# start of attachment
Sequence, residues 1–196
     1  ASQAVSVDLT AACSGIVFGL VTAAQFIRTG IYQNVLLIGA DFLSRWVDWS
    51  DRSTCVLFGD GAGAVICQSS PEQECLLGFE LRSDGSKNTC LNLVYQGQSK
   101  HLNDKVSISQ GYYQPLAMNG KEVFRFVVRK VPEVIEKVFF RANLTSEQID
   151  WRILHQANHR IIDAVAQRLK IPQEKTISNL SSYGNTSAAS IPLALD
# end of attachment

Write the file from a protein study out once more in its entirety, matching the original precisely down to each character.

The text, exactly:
Sequence, residues 1–196
     1  ASQAVSVDLT AACSGIVFGL VTAAQFIRTG IYQNVLLIGA DFLSRWVDWS
    51  DRSTCVLFGD GAGAVICQSS PEQECLLGFE LRSDGSKNTC LNLVYQGQSK
   101  HLNDKVSISQ GYYQPLAMNG KEVFRFVVRK VPEVIEKVFF RANLTSEQID
   151  WRILHQANHR IIDAVAQRLK IPQEKTISNL SSYGNTSAAS IPLALD